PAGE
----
Christmas lights on the live oaks on St. Charles Avenue (photo by Carlie Kollath Wells, NewinNOLA.com)

Christmas 2014 in New Orleans (photo highlights)

Happy New Year! Tonight (Jan. 5) wraps up the Christmas season in New Orleans. Tomorrow (Jan. 6) is the twelfth night of Christmas and officially starts the carnival season, which ends with Mardi Gras. There are two parades Tuesday – Joan of Arc and the Phunny Phorty Fellows.

It’s a nice tradition – extending Christmas and taking more time to enjoy the festivities. Towns, businesses and residents leave their trees and lights up until Jan. 6. Then, the Mardi Gras decor comes out. Some people even transition their Christmas trees to Mardi Gras trees.

Santa visited the fish at Audubon Aquarium. (photo by Carlie Kollath Wells/NewinNOLA.com)

Santa visited the fish at Audubon Aquarium. (photo by Carlie Kollath Wells/NewinNOLA.com)

Before we dive into the carnival season, we wanted to take a moment to say farewell to Christmas and New Year’s. New Orleans, you sure do know how to do the holidays.

We’ve highlighted some of our favorite holiday events and moments below. What were your favorite holidays moments in New Orleans? Suggestions for what we should do next year?

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Christmas in Jackson Square, New Orleans (photo by Carlie Kollath Wells, New in NOLA)

Caroling in Jackson Square – what you need to know

We’re caroling in Jackson Square tonight (Dec. 21) with a thousand or so of our closest friends.  It’s a free, magical event in New Orleans. Open to everyone. And again, 100 percent free.

The event starts at 7. Gates open at 6:30 p.m.

French Quarter Festivals Inc. hosts Caroling in Jackson Square. (photo via FQF Inc.)

French Quarter Festivals Inc. hosts Caroling in Jackson Square. (photo via FQF Inc.)

Song sheets and lights are provided. Arrive early because this is a popular event and you want to get inside the gates. Christmas attire is encouraged. Think sweaters, Santa hats, bells, etc.

You stand while you carol so wear comfortable shoes. Don’t bring chairs unless you physically need one.

If it is raining, the event will be moved inside the cathedral. Seats/pews are available on a first come, first serve basis.

Plenty of places to park:
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Thanksgiving turkey (photo by Tim Sackton/Creative Commons license)

Thanksgiving in New Orleans

Happy Thanksgiving! Will this be your first Turkey Day in New Orleans? You are in for a treat. Here are some options from our Instagram friends and other people we’ve asked.

• Grab your friends and cook a meal for Friendsgiving. Here are our foolproof recipes for a Southern Thanksgiving, including cornbread dressing.

• Head to a restaurant. These 5 places are cooking a classic spread. Don’t want turkey? All of these other restaurants are open.

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St. Patrick's Day in the Irish Channel (photo by Carlie Kollath Wells/New in NOLA)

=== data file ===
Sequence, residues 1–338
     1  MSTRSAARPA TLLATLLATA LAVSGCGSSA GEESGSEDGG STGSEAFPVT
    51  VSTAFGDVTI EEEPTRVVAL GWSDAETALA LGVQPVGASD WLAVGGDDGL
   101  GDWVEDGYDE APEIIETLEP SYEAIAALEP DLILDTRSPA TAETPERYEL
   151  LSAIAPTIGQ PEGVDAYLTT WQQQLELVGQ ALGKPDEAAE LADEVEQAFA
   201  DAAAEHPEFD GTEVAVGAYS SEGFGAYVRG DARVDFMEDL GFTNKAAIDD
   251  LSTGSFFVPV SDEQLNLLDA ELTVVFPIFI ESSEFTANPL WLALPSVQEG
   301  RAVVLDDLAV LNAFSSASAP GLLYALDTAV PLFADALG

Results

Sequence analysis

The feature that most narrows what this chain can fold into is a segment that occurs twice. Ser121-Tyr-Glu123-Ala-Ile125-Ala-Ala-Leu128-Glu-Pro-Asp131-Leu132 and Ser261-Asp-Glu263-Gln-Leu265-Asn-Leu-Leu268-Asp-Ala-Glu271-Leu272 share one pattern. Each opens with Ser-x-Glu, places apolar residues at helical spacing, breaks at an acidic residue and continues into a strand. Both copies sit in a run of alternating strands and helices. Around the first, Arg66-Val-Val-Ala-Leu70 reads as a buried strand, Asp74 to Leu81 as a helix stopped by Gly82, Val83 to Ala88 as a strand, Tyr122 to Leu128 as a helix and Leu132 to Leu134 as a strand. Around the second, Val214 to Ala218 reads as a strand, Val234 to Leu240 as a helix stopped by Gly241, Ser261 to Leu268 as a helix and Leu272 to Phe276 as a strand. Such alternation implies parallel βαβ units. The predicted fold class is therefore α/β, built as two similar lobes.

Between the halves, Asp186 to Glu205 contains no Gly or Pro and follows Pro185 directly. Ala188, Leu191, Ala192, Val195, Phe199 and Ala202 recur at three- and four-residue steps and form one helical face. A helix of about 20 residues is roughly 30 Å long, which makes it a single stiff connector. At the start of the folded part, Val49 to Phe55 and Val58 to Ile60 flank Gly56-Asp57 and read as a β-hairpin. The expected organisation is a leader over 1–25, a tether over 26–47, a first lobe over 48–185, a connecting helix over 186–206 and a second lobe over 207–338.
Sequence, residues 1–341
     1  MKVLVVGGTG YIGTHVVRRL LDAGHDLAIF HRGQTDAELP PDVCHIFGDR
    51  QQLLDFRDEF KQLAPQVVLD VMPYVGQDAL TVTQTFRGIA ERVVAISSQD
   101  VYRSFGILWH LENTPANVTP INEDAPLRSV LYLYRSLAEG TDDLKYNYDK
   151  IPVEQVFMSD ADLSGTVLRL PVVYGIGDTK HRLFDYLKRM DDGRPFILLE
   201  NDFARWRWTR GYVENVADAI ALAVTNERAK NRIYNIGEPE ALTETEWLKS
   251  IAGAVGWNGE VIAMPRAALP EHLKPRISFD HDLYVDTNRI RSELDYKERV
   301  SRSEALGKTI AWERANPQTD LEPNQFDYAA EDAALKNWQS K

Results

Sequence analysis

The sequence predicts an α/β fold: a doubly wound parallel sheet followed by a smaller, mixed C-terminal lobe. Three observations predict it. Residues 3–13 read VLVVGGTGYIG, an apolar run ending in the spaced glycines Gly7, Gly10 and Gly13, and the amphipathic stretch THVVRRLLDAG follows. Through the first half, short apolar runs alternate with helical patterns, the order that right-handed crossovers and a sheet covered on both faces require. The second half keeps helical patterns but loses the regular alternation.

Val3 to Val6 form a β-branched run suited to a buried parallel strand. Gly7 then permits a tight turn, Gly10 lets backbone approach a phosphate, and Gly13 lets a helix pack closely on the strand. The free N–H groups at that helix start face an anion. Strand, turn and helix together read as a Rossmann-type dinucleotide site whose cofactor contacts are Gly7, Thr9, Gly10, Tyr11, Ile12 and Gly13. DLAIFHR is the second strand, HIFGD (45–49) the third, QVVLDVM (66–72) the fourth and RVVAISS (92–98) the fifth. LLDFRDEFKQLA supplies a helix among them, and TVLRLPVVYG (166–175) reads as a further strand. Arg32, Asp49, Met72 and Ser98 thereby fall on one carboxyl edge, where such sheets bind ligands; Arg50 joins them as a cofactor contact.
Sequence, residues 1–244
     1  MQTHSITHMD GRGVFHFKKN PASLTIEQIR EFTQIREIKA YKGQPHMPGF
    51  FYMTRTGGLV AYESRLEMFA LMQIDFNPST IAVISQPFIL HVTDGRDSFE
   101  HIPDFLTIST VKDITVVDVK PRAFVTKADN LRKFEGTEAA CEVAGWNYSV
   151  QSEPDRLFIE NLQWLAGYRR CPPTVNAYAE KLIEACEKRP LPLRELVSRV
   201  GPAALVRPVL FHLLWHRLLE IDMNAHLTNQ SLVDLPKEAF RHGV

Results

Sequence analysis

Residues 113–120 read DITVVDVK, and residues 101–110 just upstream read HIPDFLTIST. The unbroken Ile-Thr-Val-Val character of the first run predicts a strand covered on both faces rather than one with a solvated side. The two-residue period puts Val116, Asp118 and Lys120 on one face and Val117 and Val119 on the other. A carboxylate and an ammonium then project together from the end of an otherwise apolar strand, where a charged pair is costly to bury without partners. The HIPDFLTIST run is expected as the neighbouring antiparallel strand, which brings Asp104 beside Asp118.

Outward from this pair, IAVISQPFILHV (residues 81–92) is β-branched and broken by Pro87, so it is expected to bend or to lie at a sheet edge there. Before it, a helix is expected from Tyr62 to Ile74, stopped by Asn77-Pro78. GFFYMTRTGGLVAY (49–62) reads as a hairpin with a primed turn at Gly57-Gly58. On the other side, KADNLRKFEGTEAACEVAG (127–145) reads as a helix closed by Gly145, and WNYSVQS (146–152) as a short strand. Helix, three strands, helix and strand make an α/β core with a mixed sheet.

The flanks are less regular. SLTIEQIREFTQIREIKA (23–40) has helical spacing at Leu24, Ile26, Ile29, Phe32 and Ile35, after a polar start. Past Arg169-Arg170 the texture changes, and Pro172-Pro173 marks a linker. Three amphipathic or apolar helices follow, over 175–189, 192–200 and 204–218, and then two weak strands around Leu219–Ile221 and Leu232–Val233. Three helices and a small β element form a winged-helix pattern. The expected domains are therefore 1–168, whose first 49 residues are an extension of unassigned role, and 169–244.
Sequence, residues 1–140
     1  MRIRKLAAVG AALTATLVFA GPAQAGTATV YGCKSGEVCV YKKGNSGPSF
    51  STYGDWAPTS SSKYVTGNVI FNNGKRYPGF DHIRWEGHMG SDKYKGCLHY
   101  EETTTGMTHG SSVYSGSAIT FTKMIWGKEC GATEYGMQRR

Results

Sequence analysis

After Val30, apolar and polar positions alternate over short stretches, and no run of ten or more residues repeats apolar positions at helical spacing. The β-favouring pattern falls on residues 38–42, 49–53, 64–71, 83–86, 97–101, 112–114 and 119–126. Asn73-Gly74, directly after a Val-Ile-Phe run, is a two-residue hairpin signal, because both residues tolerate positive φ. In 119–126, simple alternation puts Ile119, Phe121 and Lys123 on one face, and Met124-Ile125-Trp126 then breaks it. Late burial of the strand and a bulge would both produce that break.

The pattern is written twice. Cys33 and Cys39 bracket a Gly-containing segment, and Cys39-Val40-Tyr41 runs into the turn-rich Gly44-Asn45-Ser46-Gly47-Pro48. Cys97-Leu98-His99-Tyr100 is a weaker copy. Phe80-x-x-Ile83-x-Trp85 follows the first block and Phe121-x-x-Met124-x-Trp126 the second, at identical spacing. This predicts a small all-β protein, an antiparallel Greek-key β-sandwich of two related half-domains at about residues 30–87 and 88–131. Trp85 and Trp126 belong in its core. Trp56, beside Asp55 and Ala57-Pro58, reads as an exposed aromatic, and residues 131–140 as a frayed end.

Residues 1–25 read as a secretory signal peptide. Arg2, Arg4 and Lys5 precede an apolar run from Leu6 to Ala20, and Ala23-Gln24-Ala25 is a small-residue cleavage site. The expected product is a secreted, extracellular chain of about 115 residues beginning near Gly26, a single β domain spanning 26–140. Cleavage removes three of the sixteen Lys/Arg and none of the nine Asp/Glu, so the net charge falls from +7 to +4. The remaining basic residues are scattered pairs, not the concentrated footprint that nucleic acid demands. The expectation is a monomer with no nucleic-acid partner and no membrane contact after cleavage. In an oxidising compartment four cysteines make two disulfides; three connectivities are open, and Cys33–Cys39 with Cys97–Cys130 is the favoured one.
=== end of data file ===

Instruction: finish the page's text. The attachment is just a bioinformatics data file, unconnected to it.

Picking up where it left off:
St. Patrick’s Day in the Irish Channel (photos)

We ventured to the Irish Channel for the St. Patrick’s Day festivities earlier this month. We caught cabbage, kissed strangers for flowers and danced a jig in the streets. Good times.

Thank goodness for these parade-going tips from Kim Smelter of New Girl in NOLA.

 

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image via www.nppbc.com and used under a Creative Commons license

How to make a Southern Thanksgiving meal

We’ve been doing some of our favorite activities this week – cooking, eating and enjoying time with friends and family. And of course, Southern food makes everything better.

Our resident cook, Patsy R. Brumfield, has been sharing her go-to Thanksgiving dishes the past few weeks. They are:

Roasted turkey (how to brine and roast one)

Cornbread dressing

Turkey giblet gravy

‘Sweet Potato Queen’ casserole

Sour cream pound cake
Homemade mayo
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christmas turkey by christmasstockimages.com is licensed under a Creative Commons Attribution 3.0 unported license

How to brine a turkey for a Thanksgiving feast

BY PATSY R. BRUMFIELD – THE SOUTHFACIN’ COOK 

A few years ago, I watched food guru Alton Brown propound the virtues of brining a turkey. He explained that the salt water brine changes the turkey’s cellular structure so that it holds more moisture, while seasoning the meat.

Patsy R. Brumfield The Southfacin' Cook

Patsy R. Brumfield
The Southfacin’ Cook

Boy, was he right! This has been my favorite way to roast a turkey ever since, and I’ve got a least one friend who insists it saved his family holiday meal. Amen, brother.

Of course, this recipe and approach can be used with other meats, especially chicken. For example, if you’d like to roast a whole, fresh chicken, half the recipe below.

You also should change your perspective on how long to cook the bird. Buy yourself a meat thermometer and cook by the internal temps, not how long it’s been cooking. You’ll be amazed at how much more flavorful the meat will be.

Header image is from christmasstockimages.com and is used under a Creative Commons Attribution 3.0 unported license.

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